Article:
Cyberattacks are generally bloodless affairs – the target is secret information, money, access credentials, or just the bragging rights for cracking a tough target. While there are Advanced Persistent Threat groups that are affiliated with governments and militaries, they operate as part of the intelligence-gathering community. However, per a new report published by Gartner, this may change as attacks grow more destructive, even if the attack doesn’t do anything intended to directly injure or kill someone.
Consider a cyber attack that disables a power plant that supplies energy to a major city, during the dead of winter, for 72 hours – thousands may die as they freeze to death in their homes. While no one died when three Ukrainian power plants were briefly disabled, it did leave over 200,000 people without heat during the Winter. Had the power outage gone on longer than six hours, it’s possible people may have died. Infrastructure targets are generally not hardened against cyber attacks, and modern society is reliant on a continuous flow of power – especially during bitter Winters or scorching Summers. What if the attack sabotaged a nuclear power plant, falsifying the data or disabling failsafes?
In 2018, attackers managed to gain control of a petrochemical processing plant in Saudi Arabia and attempted to cause a detonation. They managed to infiltrate the plant’s control systems, disable warning systems, and upload code designed to cause a catastrophic failure which would likely result in a detonation – an error in their code meant that the attack failed to fully execute.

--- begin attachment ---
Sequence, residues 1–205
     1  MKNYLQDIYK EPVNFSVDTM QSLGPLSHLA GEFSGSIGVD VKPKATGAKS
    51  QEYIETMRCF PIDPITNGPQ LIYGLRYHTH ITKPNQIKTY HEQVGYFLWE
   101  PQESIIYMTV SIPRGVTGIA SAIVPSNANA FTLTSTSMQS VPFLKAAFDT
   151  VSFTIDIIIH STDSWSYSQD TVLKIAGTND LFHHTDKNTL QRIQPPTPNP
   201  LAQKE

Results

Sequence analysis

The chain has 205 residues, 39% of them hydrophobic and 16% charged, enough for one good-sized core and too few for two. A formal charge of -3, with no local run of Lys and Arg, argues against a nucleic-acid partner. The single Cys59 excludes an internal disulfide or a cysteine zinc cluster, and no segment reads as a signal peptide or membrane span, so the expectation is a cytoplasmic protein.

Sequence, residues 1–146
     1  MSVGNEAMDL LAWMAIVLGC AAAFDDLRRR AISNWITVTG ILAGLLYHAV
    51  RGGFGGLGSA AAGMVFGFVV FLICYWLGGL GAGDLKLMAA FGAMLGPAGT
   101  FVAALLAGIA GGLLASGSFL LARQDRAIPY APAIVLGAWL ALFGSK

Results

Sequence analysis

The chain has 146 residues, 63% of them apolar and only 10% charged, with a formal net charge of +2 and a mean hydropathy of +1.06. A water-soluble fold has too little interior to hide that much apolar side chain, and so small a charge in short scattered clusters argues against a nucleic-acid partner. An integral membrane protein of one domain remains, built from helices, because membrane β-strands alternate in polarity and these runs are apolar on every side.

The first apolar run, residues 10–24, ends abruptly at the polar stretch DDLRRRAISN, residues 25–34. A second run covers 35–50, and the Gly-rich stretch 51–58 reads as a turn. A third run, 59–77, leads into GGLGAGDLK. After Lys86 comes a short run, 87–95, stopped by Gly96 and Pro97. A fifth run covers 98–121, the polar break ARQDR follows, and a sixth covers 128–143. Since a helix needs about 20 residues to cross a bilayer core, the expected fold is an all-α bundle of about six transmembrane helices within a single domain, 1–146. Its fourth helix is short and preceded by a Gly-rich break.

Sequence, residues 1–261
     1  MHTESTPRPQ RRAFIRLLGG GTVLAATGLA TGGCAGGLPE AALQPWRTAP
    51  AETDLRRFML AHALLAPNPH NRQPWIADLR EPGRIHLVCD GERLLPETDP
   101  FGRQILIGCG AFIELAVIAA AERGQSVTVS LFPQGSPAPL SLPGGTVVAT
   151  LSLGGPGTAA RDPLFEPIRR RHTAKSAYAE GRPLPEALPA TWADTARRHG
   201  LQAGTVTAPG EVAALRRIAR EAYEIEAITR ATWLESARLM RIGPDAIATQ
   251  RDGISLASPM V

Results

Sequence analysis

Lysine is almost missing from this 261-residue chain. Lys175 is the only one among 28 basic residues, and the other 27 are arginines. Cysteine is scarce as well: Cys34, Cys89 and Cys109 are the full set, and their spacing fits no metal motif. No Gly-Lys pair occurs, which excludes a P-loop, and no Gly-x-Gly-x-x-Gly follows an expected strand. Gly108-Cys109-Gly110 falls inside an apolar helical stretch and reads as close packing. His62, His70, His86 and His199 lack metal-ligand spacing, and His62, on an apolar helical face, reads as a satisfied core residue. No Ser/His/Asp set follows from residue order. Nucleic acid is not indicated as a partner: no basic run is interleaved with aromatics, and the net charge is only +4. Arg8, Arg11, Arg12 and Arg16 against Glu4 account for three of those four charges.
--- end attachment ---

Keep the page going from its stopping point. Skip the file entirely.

Currently, attacks go after existing data, but future attacks may falsify it instead. Most cyber-attacks go undetected for months, and sometimes years. Imagine the damage that could be caused if a pharmaceutical company had its research data altered, or the machines creating the pills tampered with, so that what they produced was poison instead of medicine? Cybersecurity has always been important, but with lives on the line, it may become something that’s impossible to ignore.